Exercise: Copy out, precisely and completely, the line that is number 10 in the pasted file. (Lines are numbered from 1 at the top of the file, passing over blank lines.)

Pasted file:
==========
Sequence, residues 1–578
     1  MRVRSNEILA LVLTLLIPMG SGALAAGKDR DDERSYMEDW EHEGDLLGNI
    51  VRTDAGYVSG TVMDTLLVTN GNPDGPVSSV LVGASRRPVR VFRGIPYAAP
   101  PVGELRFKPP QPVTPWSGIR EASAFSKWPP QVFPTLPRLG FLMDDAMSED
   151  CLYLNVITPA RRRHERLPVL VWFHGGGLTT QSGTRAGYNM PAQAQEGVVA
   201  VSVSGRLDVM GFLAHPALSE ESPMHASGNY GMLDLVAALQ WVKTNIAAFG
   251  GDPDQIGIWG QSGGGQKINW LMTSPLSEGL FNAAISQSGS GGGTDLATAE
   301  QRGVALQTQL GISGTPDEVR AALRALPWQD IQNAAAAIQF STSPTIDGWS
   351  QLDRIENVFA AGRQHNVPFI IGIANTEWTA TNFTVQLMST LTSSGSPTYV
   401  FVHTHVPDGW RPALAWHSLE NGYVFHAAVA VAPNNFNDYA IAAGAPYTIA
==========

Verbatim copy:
   401  FVHTHVPDGW RPALAWHSLE NGYVFHAAVA VAPNNFNDYA IAAGAPYTIA